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observation, the object of which is the mental state and activity of the observing subject. Introspection develops as the infant’s mind develops, following a course analogous to the development of external perception—that is, there is a progression from nonverbal, meaningless introspection to verbal, meaningful, objective introspection, which signifies the generalization of internal forms of mental activity. This is manifested by a transition to a new way of regulating the internal forms of mental activity, to mastery of one’s own behavior (L. S. Vygotskii). Methodologically, psychology is faced with the question of which function or form of introspection can be used without disturbing the scientific character of research.
For a long time before it became the subject of debate in experimental psychology, the problem of introspection was considered by philosophy. In the concept of “analytical introspection” proposed by W. Wundt and E. Titchener, introspection proper, as an observation occurring under the conditions of a psychological experiment and satisfying the basic principles of the scientific method, was counterposed to the “interior perception” that occurs under natural conditions (W. Wundt, 1888). Introspection by an observer with the naïve, commonplace orientation was counterposed to observation by an observer with a special, “psychological” orientation (“introspection” in a narrow sense; Titchener, 1912), which made possible the direct apprehension of an experience in its psychological reality. Owing to the sensationalism and atomism of the Wundt-Titchener concept, only that which can be described in terms of the basic elements of consciousness (perceptions, ideas, feelings) and their attributes (quality, intensity, duration, and extension) is acknowledged to be psychologically real. According to Titchener, anything that does not fit into this rigid schema should be eliminated from an introspective description as a “stimulus-error.”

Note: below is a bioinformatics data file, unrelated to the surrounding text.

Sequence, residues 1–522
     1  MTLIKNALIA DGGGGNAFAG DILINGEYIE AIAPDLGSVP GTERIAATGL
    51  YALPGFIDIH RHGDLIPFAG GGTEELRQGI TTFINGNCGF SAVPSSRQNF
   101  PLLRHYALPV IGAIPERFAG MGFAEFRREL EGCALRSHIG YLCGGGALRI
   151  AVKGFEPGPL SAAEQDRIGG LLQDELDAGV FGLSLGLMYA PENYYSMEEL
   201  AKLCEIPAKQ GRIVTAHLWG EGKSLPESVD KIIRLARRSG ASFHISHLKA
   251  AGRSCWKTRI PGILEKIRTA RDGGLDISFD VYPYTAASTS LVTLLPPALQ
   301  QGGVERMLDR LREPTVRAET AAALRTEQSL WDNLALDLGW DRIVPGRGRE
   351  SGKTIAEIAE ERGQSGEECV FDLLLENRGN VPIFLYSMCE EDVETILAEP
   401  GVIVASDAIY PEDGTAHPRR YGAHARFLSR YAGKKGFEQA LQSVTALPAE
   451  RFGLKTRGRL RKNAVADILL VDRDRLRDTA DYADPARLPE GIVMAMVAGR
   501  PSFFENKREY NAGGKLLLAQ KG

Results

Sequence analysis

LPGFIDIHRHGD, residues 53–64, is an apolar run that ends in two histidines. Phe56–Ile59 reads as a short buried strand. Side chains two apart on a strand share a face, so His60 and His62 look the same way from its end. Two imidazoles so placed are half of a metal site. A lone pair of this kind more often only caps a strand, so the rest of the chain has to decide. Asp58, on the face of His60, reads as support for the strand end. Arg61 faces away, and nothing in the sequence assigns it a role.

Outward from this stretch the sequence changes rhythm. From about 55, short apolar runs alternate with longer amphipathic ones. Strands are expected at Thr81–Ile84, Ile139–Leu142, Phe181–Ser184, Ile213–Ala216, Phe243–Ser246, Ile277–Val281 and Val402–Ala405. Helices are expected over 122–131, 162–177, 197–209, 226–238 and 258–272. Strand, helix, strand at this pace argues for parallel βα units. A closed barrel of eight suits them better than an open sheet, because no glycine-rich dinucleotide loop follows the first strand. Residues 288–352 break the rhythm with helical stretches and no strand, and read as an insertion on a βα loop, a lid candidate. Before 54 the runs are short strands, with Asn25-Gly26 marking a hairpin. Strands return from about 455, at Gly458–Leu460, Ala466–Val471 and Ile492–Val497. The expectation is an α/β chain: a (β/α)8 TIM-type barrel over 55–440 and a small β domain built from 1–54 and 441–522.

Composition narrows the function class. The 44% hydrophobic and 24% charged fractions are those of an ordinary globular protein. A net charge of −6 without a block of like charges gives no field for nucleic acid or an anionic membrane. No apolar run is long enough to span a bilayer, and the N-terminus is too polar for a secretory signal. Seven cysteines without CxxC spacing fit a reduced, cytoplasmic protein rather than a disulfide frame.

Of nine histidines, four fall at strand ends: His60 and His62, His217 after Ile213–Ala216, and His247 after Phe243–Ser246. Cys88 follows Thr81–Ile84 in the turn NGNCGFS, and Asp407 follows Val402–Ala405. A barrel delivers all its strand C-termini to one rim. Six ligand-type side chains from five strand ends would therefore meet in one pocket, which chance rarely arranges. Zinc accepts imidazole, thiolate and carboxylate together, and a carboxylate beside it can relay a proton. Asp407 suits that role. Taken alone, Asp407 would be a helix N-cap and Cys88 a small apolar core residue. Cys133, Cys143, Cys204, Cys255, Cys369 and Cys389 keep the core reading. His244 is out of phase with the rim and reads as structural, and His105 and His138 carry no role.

The crisis in analytical introspection became noticeable after the work of the Würzburg school. However, the tenets of analytical introspection were subjected to a genuine reexamination by Gestalt psychology, which asserted that the whole is not composed of the sum of its “elements,” which may be obtained by means of isolation (Wertheimer, 1912). Consequently, the “protoelements” to which an observed experience is reduced in analytical introspection are not the real “parts” of the experience considered as a whole. Therefore, it is necessary to replace the “analytical” orientation of the observer with a natural “phenomenological” one, which presupposes a free, unprejudiced description of the character of an experience in all the richness and specificity of the means by which it is revealed to the observer.
In general, introspection cannot be recognized as an independent method in psychology. It merely furnishes the investigator with “raw” empirical material, in which the object of study is presented in an indirect form that always requires special interpretation.
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Voloshinov, V. N. Freidizm. Moscow-Leningrad, 1927.
Rubinshtein, S. L. Printsipy i puti razvitiia psikhologii. Moscow, 1959. Pages 164–84.
Eisler, R. Wörterbuch der philosophischen Begriffe, 4th ed., vol. 3. Berlin, 1930.
Titchener, E. B. “The Schema of Introspection.” American Journal of Psychology, 1912, vol. 23, no. 4.
Boring, E. G. “A History of Introspection.” Psychological Bulletin, 1953, vol. 50, no. 3.
A. A. PUZYREI